Upon  successful  completion  of  DENT  108,  the  student  should  be  able  to:  

• Demonstrate  competency  in  the  skills  needed  to  function  as  an  entry-­‐level  dental  assistant.  

• Demonstrate  a  high  level  of  achievement  in  clinical  situations.  

• Demonstrate  knowledge  and  skills  in  the  application  of  asepsis  and  infection  control  procedures.  

• Demonstrate  confidence  in  patient  management.  

• Demonstrate  positive  attitudes  about  self,  members  of  the  dental  team  and  the  dental   profession.



DENT  200  Dental  Office  Administration  (3)   6  hours  lecture/lab  per  week  

Prerequisite(s):  DENT  100;  DENT  100L.  

Corequisite(s):  DENT  205;  DENT  208;  DENT  210.  

Comment:  Letter  grade  only.  DENT  200  may  not  be  audited.  DENT  200  may  not  be  taken  credit/no  credit.  


DENT  200  gives  an  overview  of  administrative  functions  in  a  dental  office.  Students  will  participate  in   DENTRIX  training.  DENTRIX  is  the  software  program  that  more  than  70%  of  dental  offices  use  in  Hawai‘i.   Using  this  system,  students  will  familiarize  themselves  with  patient  records,  insurance  claims  filing,   charting,  appointment  and  recall  functions.  Students  will  also  learn  about  verbal  communication,  in   particular  phone  etiquette  and  management.  Students  will  also  learn  about  dental  written  

communication,  between  practice  and  patients,  with  other  dental  professionals  and  insurance   companies.  


Upon  successful  completion  of  DENT  200,  the  student  should  be  able  to:    

• Describe  good  phone  courtesy  and  handling  of  different  phone  calls.  

• Describe  internal  and  external  marketing.  

• Discuss  ways  of  sending  written  communication  from  a  dental  office.  

• Identify  documentation  forms  and  describe  information  contained  in  patient  records.  

• Discuss  the  management  of  inventory  systems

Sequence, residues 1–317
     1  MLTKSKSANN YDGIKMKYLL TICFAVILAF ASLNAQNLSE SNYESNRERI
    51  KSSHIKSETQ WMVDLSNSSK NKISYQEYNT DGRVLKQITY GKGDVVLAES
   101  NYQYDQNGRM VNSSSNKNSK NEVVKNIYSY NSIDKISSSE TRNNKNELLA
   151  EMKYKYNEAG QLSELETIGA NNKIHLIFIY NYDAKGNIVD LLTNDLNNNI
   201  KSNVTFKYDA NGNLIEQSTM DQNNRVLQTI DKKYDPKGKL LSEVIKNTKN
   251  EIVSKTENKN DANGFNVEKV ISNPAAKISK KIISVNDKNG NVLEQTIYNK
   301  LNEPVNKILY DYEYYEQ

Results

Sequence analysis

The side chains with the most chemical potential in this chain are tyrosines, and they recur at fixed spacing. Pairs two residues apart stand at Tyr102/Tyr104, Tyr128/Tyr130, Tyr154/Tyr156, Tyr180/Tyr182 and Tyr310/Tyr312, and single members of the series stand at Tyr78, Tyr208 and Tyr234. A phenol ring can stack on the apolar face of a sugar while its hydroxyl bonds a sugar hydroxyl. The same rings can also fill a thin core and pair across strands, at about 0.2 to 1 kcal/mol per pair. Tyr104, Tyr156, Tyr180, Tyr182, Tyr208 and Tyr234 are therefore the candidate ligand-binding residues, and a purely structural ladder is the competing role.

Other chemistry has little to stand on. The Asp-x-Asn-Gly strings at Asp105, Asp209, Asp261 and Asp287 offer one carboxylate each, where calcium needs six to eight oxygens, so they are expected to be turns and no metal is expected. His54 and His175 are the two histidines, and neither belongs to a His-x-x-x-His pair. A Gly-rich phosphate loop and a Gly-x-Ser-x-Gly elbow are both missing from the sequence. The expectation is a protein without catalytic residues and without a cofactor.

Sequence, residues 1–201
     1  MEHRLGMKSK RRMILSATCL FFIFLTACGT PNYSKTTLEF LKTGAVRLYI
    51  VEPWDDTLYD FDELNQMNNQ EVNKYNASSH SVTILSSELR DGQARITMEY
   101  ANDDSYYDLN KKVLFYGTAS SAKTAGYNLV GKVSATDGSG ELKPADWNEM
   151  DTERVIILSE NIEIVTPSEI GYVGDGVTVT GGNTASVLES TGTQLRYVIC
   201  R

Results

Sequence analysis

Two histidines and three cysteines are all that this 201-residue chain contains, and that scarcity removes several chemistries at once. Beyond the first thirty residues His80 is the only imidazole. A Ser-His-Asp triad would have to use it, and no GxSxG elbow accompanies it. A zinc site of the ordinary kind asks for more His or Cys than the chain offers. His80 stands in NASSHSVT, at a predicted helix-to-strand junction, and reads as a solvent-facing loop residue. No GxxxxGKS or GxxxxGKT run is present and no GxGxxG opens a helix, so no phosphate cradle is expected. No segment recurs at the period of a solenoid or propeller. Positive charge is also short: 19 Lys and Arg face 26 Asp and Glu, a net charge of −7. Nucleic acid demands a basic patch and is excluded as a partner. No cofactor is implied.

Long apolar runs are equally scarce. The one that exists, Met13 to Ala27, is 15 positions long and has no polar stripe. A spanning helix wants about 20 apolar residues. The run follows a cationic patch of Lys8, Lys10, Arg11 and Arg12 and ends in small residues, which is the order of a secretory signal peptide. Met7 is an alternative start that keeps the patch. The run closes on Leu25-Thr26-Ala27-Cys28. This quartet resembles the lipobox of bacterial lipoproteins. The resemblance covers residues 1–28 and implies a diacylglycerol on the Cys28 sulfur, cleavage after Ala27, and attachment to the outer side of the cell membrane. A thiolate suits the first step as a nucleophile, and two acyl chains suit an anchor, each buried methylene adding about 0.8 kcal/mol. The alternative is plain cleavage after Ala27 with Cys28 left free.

• Identify  proper  record  keeping  as  measure  of  risk  management  and  as  part  of  complete  patient   healthcare  delivery.  

• Modify  schedules,  patient  records,  treatment  plans  and  insurance  claims  using  computer   programs  for  the  dental  office.  

• Explain  guidelines  for  office  policies  and  staff  management  issues.  

• Discuss  accounts  receivable  and  accounts  payable  as  they  pertain  to  a  dental  office.  

• Demonstrate  office  management  function  integration  using  dental  computer  software.  


DENT  205  Dental  Sciences  II  Focus  on  Pathology  and  Development  (1)   1  hour  lecture  per  week  

Prerequisite(s):  DENT  105.  

Corequisite(s):  DENT  200;  DENT  208;  DENT  210.  

Comment:  Letter  grade  only.  DENT  205  may  not  be  audited.  DENT  205  may  not  be  taken  credit/no  credit.    

DENT  205  focuses  on  oral  pathology,  developmental  anomalies  and  oral  conditions  as  they  relate  to   systemic  conditions.  


Upon  successful  completion  of  DENT  205,  the  student  should  be  able  to:  

• Note  the  elements  of  a  complete  clinical  description.  

• Describe  the  steps  involved  in  reaching  a  differential  diagnosis.  

• Write  possible  ways  of  determining  definitive  diagnosis.  

• Define  the  terms  used  to  describe  the  inflammatory  process.  

• Describe  the  impact  of  immune  deficiency  on  an  individual  and  the  role  that  opportunistic   infections  play  in  the  process.  

• List  measures  an  individual  can  take  to  lower  the  risk  of  developing  cancer.  

• Describe  the  characteristics  of  developmental  hereditary  and  congenital  disorders.  


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The national qualification, Certificate III in Dental Assisting (HLT31812), provides the skills and knowledge needed to assist a dentist, dental hygienist or dental therapist

drug companies, pharmacists, and doctors, and the lack of control in that plan. sponsors and drug companies and their PBMs are determining what is

When asked what made this camera obscura road trip through national parks different than their previous journeys in Florida and California, Lynn told me there was more

The result is two resonant zones, covering relatively distinct frequency ranges, thus establishing a coexisting frame of effectively broadening frequency range of high

However, if the separated employee (with the same salary, age, and years of experience) is not eligible for retirement and receives severance pay, buyout savings would exceed the RIF

Solves common modelling issues through an intelligent use of existing package features and functions; proposes sensible workarounds for more critical issues; in case of